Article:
A: Well, that’s a good question. I don’t know if there’s one answer that would fit that question. I think it has to do with how people view politics in our country and how they understand the process. You know it’s sort of like making sausage, you don’t really want to know all the details, but the product is pretty good. And in some ways politics is like that it’s very different. It’s a very different species from running the country is this issue of politics. So I think that people need to understand that the way the society is now, in order to run for office, you have to have support monetarily. And I think that may discourage people from jumping in. But what I would say to that is find a candidate, learn about that candidate who you think you have an interest in, find out what makes them tick, find out what their record is, have a conversation with them, and then jump in and help them get elected if you really believe that that person is the right candidate for the job.
Q: What does this year’s march mean to you personally?
A: Well, I recently ran for office. Where I live, and I lost. I lost to a woman. There were two women running, which was great. Still, a loss is a loss. I didn’t like losing. And I learned a lot though by running for office, and the kinds of skills you need to engage your voters. And so to me, the 2020 election has some personal meaning in the sense of I so delighted that there are women who have put themselves out there to hopefully be chosen as a candidate to run for office. I’m personally delighted to see that I think 2020 can be a pivotal year. We’ve had for years that at times aren’t are not particularly encouraging to women. And I hoping that 2020 will not discourage all of the women who have the right to vote now to come forward and vote. I think our schools need to make sure that 16 and 17 year olds in New York state can now be registered to vote at 18. I hope that our schools will jump in and make sure that that happens. And so I think it has to be a national crusade to make sure that we’ve done everything we can to help get elected the person or persons we think who are qualified to do the job. And that’s an important responsibility. I don’t think we can turn away from it. And I hope we don’t turn away from it.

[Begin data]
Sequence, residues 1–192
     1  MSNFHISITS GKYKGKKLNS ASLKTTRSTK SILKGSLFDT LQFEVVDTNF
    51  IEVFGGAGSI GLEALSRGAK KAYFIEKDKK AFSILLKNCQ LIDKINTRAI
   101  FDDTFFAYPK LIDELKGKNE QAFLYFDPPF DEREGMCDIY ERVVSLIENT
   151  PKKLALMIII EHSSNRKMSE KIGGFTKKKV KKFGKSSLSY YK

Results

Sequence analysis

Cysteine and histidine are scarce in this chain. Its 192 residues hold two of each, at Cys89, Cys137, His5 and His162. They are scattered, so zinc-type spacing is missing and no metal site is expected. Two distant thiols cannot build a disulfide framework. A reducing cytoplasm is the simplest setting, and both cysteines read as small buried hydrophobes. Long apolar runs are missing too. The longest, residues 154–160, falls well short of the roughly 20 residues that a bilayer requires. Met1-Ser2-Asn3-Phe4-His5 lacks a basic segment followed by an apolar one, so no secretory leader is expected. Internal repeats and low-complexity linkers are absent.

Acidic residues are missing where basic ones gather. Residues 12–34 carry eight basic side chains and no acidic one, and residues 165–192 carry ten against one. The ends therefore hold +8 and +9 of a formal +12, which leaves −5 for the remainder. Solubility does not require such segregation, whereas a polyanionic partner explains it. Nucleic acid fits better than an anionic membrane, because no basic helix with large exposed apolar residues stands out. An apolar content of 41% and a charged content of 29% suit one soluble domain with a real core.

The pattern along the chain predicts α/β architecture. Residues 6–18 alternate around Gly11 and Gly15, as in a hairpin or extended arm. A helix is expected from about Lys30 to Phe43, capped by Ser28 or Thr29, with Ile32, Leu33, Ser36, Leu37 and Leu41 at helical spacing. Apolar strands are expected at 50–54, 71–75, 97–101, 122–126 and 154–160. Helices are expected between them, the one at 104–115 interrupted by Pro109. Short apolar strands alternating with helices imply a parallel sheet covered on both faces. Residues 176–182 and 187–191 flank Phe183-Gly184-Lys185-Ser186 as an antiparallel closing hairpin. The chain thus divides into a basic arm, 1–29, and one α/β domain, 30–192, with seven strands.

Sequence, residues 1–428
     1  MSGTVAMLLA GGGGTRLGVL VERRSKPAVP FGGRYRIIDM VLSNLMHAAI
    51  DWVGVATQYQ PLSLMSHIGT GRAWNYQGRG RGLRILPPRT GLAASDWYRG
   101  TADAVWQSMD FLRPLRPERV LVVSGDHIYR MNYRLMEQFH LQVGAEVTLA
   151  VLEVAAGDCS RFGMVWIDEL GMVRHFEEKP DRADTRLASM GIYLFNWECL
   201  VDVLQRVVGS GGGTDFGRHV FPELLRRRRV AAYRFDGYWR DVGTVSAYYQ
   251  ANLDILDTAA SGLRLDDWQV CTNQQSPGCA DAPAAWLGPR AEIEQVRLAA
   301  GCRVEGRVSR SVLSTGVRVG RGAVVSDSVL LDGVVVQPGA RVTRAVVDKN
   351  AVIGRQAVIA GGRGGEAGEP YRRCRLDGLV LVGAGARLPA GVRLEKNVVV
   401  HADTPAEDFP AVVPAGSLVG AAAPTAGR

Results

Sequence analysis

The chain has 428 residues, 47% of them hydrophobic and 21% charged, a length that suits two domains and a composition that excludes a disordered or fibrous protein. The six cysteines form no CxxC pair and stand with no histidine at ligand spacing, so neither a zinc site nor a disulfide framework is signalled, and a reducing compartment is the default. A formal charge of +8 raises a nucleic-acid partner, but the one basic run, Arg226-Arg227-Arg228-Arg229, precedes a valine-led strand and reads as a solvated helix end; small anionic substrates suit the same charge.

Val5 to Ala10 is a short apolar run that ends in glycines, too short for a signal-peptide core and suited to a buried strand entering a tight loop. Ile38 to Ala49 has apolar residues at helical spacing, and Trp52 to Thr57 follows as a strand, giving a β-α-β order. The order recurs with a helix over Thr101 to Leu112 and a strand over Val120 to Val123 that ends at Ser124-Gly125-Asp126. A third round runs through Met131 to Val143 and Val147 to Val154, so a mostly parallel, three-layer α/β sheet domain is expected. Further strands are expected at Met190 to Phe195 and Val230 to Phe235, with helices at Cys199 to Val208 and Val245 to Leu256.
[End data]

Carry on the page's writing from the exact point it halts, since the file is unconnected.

Q: How do we get more women in elected office and supported to run?
A: Yeah, it’s a fairly new phenomenon actually in our society. It has taken on you know, a deeper meaning as of the last probably 10 or 15 years. I still think women struggle with the idea that they can be leaders that they have other things pulling at them. I think the message we give to our our boys and then our men is that it’s a clear path for them to go from A to Z and run for office, there’s nothing in between. For women, there are a lot of opportunities to not run for office. There are other things that can get in the way because we are not and have not been conditioned to think that we are leaders. That is changing. I see that that’s changing. There are opportunities now for women to learn about running for office, that there weren’t 10 years ago. There are courses you can take. There’s curriculums being designed and developed to be used in our schools that allow girls think about themselves in leadership positions early on in life and that later on in life. So all of these things will take a little bit of time. But I see where they are being encouraged, women are being encouraged and girls to think of themselves in leadership roles. And for me it It took a longer time for me to come forward and be able to do that. But once I did, I understood that that was something that gender should never have been an issue about. It just never should be. So I think it’s a very hopeful society in that sense right now, where we are encouraging both genders almost equally. To run we’re still you know, very low in our numbers, as you say, of elected females. And so that will change as we get more girls and then women into the pipeline to run for office. So those are all good things.